Saturday, 31 January 2015

Lecture, close miss, Science events, Comets latest, SAN, Observing, NISF, GSP...

Hi all,
1: IAA LECTURE: Next IAA public lecture: Feb 04, 7.30 p.m. by Tom O'Donoghue
"Astrophotography: From Single Pane to Mega-mosaic". This will look at medium focal length Deep Sky Astrophotography.
   Tom O'Donoghue, from Dublin, takes some of the best deep sky astrophotos you will ever see taken by any amateur astronomer. Visitors to any of the recent Irish Star Parties will have seen the amazing quality of his images. He is totally dedicated, indeed obsessed, to get the best quality images possible! Frustrated by the sky conditions in Ireland, he started travelling first to Southern France, and then Spain, to get the best possible conditions.
   As well as taking the superb shots you can see on his website he is now working on a 'mega-mosaic' of the whole Orion constellation and all its associated nebulosity, of which the best known are of course the Orion Nebula itself (M42), the 'Running Man Nebula', and the Horsehead Nebula. But there's much more!
   In this talk he will describe how he acquired his skills and his equipment, how he takes and processes the images, and describe his Orion Mega-Mosaic."
   Tom will have some of his smaller size, but same high quality, prints available for sale at £15 each.
    The lecture is free and open to all, including free refreshments. Venue: Bell Lecture Theatre, Physics Building, Queen's University, Belfast, at 7.30 p.m.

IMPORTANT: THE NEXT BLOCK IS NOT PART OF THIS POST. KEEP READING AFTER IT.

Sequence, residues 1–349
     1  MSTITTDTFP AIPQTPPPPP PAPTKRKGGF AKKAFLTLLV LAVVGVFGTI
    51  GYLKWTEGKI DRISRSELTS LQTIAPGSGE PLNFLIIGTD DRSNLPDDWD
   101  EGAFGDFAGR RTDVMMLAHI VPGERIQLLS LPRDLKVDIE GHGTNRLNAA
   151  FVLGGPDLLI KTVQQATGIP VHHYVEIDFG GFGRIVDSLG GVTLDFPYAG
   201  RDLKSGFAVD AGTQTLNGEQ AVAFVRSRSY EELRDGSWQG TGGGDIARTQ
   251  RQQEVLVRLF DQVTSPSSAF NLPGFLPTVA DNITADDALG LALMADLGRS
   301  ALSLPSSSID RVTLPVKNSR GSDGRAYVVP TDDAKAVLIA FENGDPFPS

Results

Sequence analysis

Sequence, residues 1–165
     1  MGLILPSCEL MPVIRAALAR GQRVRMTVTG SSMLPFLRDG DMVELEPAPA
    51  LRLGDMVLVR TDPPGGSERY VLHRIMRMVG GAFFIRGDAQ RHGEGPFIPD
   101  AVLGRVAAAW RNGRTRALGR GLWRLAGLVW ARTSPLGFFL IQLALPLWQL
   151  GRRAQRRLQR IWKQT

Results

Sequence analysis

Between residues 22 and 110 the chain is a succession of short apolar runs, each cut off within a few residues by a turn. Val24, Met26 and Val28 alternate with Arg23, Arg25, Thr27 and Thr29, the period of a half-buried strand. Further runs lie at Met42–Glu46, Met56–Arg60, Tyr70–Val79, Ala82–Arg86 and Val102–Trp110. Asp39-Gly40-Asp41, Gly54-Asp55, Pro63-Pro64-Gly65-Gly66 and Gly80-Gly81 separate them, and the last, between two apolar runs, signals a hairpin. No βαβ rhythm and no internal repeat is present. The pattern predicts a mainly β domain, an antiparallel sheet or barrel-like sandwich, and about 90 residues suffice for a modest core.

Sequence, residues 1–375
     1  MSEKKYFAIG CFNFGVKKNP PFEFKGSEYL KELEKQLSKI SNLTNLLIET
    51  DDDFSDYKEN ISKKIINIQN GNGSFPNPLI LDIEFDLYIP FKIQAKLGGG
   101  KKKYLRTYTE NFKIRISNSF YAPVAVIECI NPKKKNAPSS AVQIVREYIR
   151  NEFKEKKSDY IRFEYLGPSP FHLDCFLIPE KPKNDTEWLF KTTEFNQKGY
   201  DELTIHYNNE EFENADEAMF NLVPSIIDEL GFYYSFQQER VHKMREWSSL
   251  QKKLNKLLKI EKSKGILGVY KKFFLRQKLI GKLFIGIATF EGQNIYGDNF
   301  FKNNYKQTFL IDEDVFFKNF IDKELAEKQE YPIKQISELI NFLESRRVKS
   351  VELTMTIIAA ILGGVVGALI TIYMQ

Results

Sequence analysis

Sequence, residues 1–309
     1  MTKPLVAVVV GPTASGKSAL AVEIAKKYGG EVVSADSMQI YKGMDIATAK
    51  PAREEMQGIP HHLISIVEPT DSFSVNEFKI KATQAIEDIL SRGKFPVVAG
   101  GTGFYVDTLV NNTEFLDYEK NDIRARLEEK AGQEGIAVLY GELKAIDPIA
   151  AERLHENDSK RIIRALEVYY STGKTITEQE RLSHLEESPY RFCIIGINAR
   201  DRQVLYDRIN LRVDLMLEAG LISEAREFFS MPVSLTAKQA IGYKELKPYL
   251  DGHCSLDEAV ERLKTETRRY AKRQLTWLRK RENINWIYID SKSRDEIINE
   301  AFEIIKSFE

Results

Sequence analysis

Thanks to the Astrophysics Research Centre, QUB, for help in hosting these lectures.
N.B: Our last lecture on Wednesday 21 January, by well-known QUB astronomer, Professor Alan Fitzsimmons, "Rosetta at comet 67P/Churyumov-Gerasimenko", was probably our best-attended 'normal' lecture ever, with about 130 people present: almost every seat was taken!. All thoroughly enjoyed an amazing and very entertaining presentation - thanks Alan.
2. "Close" Asteroid Flyby on Jan 26.  There are two errors in this report:
1. The reference to 1 million asteroids 'in our galaxy' should of course be to 'in our Solar System'.
2. Quote: "Unfortunately the tracking of very large asteroids can only make a practical difference if we're then able to do something about the rock - deflecting or destroying it, preferably. And unfortunately - again - NASA's best guess on how to do that so far is… prayer."
   That is wrong on four counts: firstly that is not actually what NASA said; secondly there are several ways to deflect or reduce the threat from an incoming asteroid, provided that we get at least a few years warning; thirdly there is zero evidence that prayer changes the orbits of asteroids, or anything else. It doesn't prevent volcanic eruptions, earthquakes, tsunamis, floods, mudslides, avalanches, hurricanes, tornadoes etc, so why would it deflect an asteroid? Quite apart from the fact that that would require altering the laws of physics.
   Fourthly, we do already track ALL "very large asteroids". It's the ones between 0.5 and 1km where we have only tracked about 99% of the dangerous ones so far, and the ones between about 100m and 500m where we may have only got about 90% of the dangerous ones so far, that the problem lies. And we COULD do something about them if we detect them in time. But they are NOT "very large asteroids": "Very large" for an asteroid would mean 10km diameter or more, and we are tracking 99.999% of them, and none will hit us within the next few hundred years, nor probably even in the next millennium or longer. And the chance that the one in 100,000 which we may have missed so far would hit us within the next millennium are infinitesimally small
   Very sloppy journalism.
For a video taken from UK see